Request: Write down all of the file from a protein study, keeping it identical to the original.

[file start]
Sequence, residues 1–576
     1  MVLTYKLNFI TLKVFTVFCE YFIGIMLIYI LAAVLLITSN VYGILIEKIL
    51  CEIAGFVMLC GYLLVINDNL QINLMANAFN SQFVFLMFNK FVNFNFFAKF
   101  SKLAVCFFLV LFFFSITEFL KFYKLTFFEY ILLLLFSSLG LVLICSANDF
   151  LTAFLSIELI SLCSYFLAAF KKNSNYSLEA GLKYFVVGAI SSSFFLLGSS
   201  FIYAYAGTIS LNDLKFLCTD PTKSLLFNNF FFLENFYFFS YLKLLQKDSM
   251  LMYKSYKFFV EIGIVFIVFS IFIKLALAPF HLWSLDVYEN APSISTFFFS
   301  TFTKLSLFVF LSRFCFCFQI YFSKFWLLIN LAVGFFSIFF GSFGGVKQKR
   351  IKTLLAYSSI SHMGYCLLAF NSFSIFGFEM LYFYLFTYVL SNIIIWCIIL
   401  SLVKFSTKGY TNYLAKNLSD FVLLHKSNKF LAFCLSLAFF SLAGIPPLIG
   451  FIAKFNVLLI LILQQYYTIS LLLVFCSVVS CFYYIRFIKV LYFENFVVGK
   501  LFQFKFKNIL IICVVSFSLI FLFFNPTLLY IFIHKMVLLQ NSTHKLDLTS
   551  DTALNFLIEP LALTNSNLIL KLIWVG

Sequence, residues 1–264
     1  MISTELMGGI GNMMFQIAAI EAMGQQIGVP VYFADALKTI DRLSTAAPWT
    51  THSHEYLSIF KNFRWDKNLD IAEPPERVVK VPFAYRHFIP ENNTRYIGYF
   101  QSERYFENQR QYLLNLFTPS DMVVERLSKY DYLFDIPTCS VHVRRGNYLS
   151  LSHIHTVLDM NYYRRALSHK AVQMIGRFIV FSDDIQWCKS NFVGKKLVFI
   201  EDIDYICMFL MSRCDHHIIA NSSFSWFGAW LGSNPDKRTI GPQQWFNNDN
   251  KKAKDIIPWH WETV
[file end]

Sequence, residues 1–576
     1  MVLTYKLNFI TLKVFTVFCE YFIGIMLIYI LAAVLLITSN VYGILIEKIL
    51  CEIAGFVMLC GYLLVINDNL QINLMANAFN SQFVFLMFNK FVNFNFFAKF
   101  SKLAVCFFLV LFFFSITEFL KFYKLTFFEY ILLLLFSSLG LVLICSANDF
   151  LTAFLSIELI SLCSYFLAAF KKNSNYSLEA GLKYFVVGAI SSSFFLLGSS
   201  FIYAYAGTIS LNDLKFLCTD PTKSLLFNNF FFLENFYFFS YLKLLQKDSM
   251  LMYKSYKFFV EIGIVFIVFS IFIKLALAPF HLWSLDVYEN APSISTFFFS
   301  TFTKLSLFVF LSRFCFCFQI YFSKFWLLIN LAVGFFSIFF GSFGGVKQKR
   351  IKTLLAYSSI SHMGYCLLAF NSFSIFGFEM LYFYLFTYVL SNIIIWCIIL
   401  SLVKFSTKGY TNYLAKNLSD FVLLHKSNKF LAFCLSLAFF SLAGIPPLIG
   451  FIAKFNVLLI LILQQYYTIS LLLVFCSVVS CFYYIRFIKV LYFENFVVGK
   501  LFQFKFKNIL IICVVSFSLI FLFFNPTLLY IFIHKMVLLQ NSTHKLDLTS
   551  DTALNFLIEP LALTNSNLIL KLIWVG

Sequence, residues 1–264
     1  MISTELMGGI GNMMFQIAAI EAMGQQIGVP VYFADALKTI DRLSTAAPWT
    51  THSHEYLSIF KNFRWDKNLD IAEPPERVVK VPFAYRHFIP ENNTRYIGYF
   101  QSERYFENQR QYLLNLFTPS DMVVERLSKY DYLFDIPTCS VHVRRGNYLS
   151  LSHIHTVLDM NYYRRALSHK AVQMIGRFIV FSDDIQWCKS NFVGKKLVFI
   201  EDIDYICMFL MSRCDHHIIA NSSFSWFGAW LGSNPDKRTI GPQQWFNNDN
   251  KKAKDIIPWH WETV